My father has always said he enjoys going in the middle of holiday shoppers at least once each season to help put him in the Christmas spirit.
And I, too, once thoroughly enjoyed the crowds along with the sights and sounds of the season.
But I tolerate these hurried throngs of shoppers less and less with each passing holiday.
Why do stores feature 5,000 checkout lanes but choose to open only three?
Why do I hear about that hot, new toy for the grandkids a month after everyone else?
Why do we wrap gifts for infants? Don't tell me they like to tear the paper. I've seen who opens these toys.
And the number one burning question - Why do we create so much stress on what should be a joyous and stress-free experience?
Welcome to Christmas 2012 - where we're expected to buy like mad before we fall off some government-created cliff.
Nothing says Christmas like a gigantic economic crisis!
But spend we shall.
I applaud those who will work feverishly in the next month to provide holiday cheer for the less fortunate.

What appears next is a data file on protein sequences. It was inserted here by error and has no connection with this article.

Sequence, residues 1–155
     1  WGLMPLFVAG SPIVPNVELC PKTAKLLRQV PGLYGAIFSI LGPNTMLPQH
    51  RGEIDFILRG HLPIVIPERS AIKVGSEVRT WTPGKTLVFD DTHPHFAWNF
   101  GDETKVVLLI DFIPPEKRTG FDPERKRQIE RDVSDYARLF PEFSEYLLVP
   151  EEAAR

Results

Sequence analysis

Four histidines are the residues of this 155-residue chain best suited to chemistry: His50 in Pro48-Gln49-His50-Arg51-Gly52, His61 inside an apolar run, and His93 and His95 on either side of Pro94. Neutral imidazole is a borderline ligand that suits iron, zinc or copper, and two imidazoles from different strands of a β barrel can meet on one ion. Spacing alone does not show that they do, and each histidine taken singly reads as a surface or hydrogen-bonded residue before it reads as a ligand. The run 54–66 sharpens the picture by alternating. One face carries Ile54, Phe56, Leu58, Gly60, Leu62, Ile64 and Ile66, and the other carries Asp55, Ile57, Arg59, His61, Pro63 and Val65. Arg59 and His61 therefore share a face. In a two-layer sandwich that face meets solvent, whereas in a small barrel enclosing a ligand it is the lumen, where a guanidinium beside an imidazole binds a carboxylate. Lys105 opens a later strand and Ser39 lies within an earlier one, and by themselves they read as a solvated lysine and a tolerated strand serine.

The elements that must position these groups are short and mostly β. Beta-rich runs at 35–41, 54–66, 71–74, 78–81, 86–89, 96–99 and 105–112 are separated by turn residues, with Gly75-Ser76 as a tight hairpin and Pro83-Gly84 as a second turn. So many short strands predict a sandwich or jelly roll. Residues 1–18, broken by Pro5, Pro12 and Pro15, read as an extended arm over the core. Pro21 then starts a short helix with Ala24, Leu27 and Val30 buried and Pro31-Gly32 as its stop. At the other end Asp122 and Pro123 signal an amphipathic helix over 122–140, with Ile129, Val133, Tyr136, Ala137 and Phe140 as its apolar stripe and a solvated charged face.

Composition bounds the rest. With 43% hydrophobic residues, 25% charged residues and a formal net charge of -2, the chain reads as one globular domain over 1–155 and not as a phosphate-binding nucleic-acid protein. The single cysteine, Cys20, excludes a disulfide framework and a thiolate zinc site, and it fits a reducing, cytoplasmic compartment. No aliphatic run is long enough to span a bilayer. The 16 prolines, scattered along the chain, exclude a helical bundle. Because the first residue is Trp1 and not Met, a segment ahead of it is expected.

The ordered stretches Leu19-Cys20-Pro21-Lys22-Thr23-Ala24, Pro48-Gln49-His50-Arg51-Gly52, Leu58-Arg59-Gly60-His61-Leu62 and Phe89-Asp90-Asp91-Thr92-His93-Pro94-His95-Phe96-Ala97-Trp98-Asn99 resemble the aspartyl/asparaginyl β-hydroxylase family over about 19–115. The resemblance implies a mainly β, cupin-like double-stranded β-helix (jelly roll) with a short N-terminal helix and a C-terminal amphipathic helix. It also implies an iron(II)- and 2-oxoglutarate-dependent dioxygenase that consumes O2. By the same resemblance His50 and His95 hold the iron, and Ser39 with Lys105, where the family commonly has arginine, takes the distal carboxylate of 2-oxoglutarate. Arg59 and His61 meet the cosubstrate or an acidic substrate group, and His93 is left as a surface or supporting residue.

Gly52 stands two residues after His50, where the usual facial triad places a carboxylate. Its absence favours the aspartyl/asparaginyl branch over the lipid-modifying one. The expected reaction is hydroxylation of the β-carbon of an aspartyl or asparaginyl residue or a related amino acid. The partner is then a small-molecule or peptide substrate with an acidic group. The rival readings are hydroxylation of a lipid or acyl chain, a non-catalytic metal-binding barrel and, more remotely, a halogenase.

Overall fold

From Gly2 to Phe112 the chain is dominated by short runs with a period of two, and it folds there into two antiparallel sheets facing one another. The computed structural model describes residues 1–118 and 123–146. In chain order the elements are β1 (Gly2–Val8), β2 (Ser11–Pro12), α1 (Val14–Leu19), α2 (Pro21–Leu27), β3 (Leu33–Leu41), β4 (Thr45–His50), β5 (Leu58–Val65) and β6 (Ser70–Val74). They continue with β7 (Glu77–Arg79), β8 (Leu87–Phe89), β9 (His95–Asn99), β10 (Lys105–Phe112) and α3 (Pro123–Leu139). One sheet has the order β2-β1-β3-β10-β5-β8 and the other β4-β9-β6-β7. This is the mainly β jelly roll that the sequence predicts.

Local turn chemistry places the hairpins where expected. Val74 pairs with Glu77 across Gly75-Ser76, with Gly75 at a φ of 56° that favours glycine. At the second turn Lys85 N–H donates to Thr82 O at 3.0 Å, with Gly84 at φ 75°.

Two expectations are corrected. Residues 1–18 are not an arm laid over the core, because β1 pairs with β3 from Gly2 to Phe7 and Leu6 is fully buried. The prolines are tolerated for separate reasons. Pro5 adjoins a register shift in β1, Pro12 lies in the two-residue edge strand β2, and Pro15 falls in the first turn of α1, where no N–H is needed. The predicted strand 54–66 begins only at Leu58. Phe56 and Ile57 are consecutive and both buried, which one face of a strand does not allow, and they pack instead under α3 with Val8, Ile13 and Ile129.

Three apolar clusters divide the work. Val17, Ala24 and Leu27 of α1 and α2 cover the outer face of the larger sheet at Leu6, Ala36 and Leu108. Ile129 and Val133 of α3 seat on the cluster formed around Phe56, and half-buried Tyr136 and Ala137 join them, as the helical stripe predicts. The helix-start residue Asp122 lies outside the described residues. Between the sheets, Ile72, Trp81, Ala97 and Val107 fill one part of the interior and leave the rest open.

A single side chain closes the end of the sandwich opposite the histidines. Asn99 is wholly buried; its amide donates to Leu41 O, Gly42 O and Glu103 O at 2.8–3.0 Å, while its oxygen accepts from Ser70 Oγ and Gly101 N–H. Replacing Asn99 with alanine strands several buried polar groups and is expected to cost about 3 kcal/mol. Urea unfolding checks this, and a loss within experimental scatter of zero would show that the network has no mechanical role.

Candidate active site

I was among those faithful for over 30 years with the newspaper Community Christmas Campaign.
It's easy to grow cynical when you put food and toys into the very same hands year after year.
So when my cynicism got the best of me, I called it quits.
That is a personal failing on my part. We are told not to judge.
But judge I did.
Poverty is present in our lives constantly. It is more visible perhaps during Christmas.
And even one honest day of charity is far better than none.
So between my frustration and judgmental attitude, I will still find a way to make someone's Christmas bright.
Sometimes the Christmas spirit trumps cynicism!